Unfinished Lessons: How The Lack of Practical Exposure Weakens Our Education System #YouthMatters

Posted on May 21, 2013 in Specials

By Lata Jha: 

I understand why you’d think the pen is mightier than the sword, but not when you’re out on the battlefield. There you can’t toss scriptures of fighting tactics into the enemy’s face. You wouldn’t be able to do without a certain amount of dexterity with the sword. Extending the same thought on to knowledge, it is important to understand that knowledge doesn’t guarantee or beget skill, practice does. Practical application is often just as important, if not more, than the written word. Books need to be revered, and we all know that, but cognizant as we all are of changing realities, we should realise that education also needs to equip students with practical exposure as much as theoretical knowledge.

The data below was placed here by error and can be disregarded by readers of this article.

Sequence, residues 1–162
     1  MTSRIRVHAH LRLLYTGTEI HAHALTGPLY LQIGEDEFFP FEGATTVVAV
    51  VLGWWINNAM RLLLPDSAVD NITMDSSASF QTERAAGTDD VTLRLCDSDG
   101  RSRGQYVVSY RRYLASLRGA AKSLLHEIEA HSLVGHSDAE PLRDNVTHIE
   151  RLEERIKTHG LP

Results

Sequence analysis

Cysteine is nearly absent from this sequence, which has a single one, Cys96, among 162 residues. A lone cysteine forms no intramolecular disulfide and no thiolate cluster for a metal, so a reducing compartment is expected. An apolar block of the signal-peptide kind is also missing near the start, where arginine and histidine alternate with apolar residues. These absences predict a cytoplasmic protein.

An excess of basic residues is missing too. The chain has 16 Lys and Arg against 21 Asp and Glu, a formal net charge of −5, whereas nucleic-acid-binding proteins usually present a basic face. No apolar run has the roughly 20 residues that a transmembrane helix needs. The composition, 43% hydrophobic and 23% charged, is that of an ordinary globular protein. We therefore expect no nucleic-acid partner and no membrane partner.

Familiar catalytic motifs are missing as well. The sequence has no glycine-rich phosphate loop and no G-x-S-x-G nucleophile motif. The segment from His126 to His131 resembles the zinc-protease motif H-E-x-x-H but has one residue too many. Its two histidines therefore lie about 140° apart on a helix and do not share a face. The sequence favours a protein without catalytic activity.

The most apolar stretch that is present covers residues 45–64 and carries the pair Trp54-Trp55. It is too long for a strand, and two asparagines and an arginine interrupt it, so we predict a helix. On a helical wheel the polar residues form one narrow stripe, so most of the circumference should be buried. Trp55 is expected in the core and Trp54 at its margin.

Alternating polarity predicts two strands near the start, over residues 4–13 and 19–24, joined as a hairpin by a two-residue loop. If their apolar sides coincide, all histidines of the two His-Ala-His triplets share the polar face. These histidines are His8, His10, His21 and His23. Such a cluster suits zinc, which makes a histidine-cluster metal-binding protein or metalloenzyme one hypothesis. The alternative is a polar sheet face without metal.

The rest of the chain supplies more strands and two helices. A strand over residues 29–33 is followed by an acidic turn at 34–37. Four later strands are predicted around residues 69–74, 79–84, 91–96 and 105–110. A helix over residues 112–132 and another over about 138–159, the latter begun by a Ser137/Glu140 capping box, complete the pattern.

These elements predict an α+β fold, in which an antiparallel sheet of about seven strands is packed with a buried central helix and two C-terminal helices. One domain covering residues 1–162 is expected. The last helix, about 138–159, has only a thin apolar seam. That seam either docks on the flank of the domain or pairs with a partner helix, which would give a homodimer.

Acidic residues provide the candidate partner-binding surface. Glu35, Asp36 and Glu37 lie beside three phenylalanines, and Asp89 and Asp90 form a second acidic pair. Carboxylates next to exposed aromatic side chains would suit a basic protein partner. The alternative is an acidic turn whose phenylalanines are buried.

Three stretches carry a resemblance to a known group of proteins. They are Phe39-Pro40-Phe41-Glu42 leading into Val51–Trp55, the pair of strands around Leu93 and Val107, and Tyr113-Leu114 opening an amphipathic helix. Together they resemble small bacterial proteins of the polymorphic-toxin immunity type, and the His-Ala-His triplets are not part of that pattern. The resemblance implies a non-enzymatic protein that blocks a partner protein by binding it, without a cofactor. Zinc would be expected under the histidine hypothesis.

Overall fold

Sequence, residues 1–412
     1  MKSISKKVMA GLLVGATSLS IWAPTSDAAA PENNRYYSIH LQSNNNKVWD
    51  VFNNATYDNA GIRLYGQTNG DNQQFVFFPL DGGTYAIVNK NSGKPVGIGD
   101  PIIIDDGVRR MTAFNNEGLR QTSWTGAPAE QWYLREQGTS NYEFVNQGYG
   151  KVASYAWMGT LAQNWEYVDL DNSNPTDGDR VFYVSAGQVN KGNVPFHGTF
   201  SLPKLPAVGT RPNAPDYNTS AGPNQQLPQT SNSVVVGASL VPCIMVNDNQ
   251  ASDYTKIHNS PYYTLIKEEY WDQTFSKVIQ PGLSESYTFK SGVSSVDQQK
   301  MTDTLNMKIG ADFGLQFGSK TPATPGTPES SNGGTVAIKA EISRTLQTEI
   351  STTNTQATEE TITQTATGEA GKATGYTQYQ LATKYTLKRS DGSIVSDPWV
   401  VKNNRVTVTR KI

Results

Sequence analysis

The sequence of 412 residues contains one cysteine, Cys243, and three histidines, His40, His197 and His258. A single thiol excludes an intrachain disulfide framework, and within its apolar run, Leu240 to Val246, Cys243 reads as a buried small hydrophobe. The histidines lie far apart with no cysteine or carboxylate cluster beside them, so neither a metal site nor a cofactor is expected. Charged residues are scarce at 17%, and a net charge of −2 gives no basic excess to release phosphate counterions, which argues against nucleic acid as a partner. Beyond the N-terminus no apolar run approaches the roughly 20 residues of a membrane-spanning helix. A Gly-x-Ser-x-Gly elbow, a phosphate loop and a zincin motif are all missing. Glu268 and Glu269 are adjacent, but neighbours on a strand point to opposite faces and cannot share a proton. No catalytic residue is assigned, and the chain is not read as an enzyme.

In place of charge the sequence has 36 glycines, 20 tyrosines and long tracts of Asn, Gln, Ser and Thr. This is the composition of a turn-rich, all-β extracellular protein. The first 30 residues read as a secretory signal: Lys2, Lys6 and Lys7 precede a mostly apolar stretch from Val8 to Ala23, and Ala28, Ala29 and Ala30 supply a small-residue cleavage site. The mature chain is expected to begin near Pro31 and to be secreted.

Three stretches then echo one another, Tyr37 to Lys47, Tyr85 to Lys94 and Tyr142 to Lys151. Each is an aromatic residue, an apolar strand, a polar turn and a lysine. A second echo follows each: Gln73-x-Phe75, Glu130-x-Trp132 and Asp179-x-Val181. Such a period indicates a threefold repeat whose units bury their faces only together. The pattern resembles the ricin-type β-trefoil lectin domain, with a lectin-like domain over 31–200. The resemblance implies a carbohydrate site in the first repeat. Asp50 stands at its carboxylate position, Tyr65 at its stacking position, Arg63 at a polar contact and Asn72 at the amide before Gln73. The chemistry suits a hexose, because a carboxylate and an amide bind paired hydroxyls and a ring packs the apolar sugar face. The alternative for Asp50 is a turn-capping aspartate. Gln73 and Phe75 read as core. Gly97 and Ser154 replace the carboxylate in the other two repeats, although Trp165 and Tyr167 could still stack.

Exactly what the science laboratories were meant for in school. We needed to get in there to know just how the chemicals changed colour. Sitting in our classrooms, we could have only struggled with the textbooks. Application not only clears doubts but makes sure lessons are learnt for life, and not just the next exam. It helps de-emphasize the unfortunate stress a lot of us tend to lay on rote learning.

Sadly, for most of us today, and that includes our institutions, education is something one needs to hastily get over with. This is why there is no planned framework for how kids could take topics from the textbook out into their lives. Especially in college, when more often than not, you’re doing what you intend to pursue all your life, you can’t rely on a five hundred page spiral notebooks (that most people sit down to read only a couple of days before the exam) to equip you with all you need to know. More concrete initiatives need to be planned and implemented. Watching a movie on rural India is not sufficient for development communication, a field trip to the nearest village is. Mugging-up theories is not important for psychology, researching with a specific subject is.

Read more at British Council India blog

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